--ncpus number of processes to be started on local machine. -1 allows more than one processor/node. Other duplicates in machinefile are neglected.Starting parallel application with: mpirun -n * ./executable.mpdallexit closes the MPI environment.5 MPI Application StructureBelow is a very simple MPI application. Try to run this example and identify the semanticsand the syntax conventions of the five different MPI commands.12int main ( int argc , char * argv []) {int myrank , nproz ;3MPI Init ( & argc , & argv ) ;MPI Comm size ( MPI COMM WORLD , & nproz ) ;MPI Comm rank ( MPI COMM WORLD , & myrank ) ;4567MPI Barrier ( MPI COMM WORLD ) ;MPI Finalize () ;8910return 0;1112}MPI Init, MPI Comm size, and MPI Comm rank build the header. MPI Finalize is the trailer.All commands start with MPI . MPI always uses pointers to pass variables. MPI enumeratesall nodes starting with 0 (rank of a node). Size gives you the number of nodes available.6 A First MPI ApplicationWrite a simple application that defines a constant π on the first node in a cluster and, afterwards, sends this constant to all other nodes one by one. Use only the MPI operationsMPI Send and MPI Recv.See source code to corresponding tutorial on webpage.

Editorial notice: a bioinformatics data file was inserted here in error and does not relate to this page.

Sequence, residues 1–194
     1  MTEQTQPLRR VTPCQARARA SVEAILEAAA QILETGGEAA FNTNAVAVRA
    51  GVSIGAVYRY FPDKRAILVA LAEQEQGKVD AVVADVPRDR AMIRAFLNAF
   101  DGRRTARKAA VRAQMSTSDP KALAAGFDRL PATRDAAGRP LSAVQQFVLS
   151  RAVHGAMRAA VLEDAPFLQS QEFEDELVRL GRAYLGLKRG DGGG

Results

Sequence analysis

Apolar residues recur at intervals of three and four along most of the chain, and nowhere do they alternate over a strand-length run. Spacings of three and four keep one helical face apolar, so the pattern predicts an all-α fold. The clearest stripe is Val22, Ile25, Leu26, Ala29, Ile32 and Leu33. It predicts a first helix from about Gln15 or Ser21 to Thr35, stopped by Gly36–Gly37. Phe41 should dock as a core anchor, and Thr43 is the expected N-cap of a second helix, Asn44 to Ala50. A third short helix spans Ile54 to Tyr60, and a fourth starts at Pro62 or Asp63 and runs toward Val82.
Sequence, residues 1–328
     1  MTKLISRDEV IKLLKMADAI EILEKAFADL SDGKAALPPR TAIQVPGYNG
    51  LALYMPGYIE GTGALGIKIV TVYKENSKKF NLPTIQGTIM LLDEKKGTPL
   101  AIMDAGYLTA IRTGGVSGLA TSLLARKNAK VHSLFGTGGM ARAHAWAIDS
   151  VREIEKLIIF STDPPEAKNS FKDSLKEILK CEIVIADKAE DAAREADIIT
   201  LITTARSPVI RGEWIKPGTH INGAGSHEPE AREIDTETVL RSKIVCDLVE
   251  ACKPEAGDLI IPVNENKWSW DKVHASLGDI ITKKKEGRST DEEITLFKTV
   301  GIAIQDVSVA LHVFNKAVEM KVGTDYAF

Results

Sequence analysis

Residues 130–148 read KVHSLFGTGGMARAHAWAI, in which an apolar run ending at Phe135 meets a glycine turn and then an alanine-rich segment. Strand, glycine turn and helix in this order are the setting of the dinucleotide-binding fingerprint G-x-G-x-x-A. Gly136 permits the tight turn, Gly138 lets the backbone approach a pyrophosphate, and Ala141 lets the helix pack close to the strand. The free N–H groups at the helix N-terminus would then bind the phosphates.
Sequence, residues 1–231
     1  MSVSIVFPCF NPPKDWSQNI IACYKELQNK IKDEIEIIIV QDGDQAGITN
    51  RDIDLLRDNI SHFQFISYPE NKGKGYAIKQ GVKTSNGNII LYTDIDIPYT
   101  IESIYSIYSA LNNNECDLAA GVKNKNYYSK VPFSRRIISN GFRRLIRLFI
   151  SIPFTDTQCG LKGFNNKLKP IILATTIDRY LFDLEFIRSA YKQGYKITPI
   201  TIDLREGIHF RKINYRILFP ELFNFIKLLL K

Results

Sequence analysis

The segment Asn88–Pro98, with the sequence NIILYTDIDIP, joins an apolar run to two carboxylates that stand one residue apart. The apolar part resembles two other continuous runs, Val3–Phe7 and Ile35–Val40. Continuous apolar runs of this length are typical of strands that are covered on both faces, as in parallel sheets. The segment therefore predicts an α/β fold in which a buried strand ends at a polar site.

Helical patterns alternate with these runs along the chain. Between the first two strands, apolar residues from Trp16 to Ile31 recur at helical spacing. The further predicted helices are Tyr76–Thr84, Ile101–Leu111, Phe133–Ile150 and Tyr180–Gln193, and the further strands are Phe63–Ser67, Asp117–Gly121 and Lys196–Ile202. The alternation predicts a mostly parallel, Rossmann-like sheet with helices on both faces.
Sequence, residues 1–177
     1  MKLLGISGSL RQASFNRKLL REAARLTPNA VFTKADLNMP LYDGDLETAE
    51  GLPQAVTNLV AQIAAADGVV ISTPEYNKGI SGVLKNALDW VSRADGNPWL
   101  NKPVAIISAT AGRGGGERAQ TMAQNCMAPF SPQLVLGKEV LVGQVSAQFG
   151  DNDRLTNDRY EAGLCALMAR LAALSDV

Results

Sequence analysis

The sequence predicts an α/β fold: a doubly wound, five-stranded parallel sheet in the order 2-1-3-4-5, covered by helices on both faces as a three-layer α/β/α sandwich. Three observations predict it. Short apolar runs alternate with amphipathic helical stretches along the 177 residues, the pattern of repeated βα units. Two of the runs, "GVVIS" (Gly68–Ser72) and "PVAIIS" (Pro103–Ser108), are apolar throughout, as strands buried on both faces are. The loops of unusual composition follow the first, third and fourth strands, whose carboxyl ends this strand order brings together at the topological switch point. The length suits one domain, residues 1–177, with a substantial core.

b)To what type of computer does the architecture belong according to Flynn's taxonomy? SISD c)The CPU is added a second pair of registers (Reg(2) and Reg(3)). Furthermore, there is an operation add2 computing "Reg(0) added Reg(1)" and "Reg(2) added Reg(3)" in one clock cycle. The result values are stored in Reg(0) and Reg(2). Rewrite the